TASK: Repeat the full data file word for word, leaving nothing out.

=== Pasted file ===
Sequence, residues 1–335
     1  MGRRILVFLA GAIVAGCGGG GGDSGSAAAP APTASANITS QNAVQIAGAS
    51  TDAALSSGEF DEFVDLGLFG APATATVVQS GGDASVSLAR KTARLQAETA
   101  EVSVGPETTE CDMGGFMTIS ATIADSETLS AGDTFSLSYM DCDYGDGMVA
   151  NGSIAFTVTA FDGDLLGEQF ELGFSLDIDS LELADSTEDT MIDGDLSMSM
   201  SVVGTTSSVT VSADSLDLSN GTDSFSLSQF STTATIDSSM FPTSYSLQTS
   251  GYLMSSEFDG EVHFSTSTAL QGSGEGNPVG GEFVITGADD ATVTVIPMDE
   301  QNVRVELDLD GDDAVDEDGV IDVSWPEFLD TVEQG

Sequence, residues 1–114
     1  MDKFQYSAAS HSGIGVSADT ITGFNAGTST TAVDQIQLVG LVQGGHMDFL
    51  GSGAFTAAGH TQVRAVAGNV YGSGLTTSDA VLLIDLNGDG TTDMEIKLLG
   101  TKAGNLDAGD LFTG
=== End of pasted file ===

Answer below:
Sequence, residues 1–335
     1  MGRRILVFLA GAIVAGCGGG GGDSGSAAAP APTASANITS QNAVQIAGAS
    51  TDAALSSGEF DEFVDLGLFG APATATVVQS GGDASVSLAR KTARLQAETA
   101  EVSVGPETTE CDMGGFMTIS ATIADSETLS AGDTFSLSYM DCDYGDGMVA
   151  NGSIAFTVTA FDGDLLGEQF ELGFSLDIDS LELADSTEDT MIDGDLSMSM
   201  SVVGTTSSVT VSADSLDLSN GTDSFSLSQF STTATIDSSM FPTSYSLQTS
   251  GYLMSSEFDG EVHFSTSTAL QGSGEGNPVG GEFVITGADD ATVTVIPMDE
   301  QNVRVELDLD GDDAVDEDGV IDVSWPEFLD TVEQG

Sequence, residues 1–114
     1  MDKFQYSAAS HSGIGVSADT ITGFNAGTST TAVDQIQLVG LVQGGHMDFL
    51  GSGAFTAAGH TQVRAVAGNV YGSGLTTSDA VLLIDLNGDG TTDMEIKLLG
   101  TKAGNLDAGD LFTG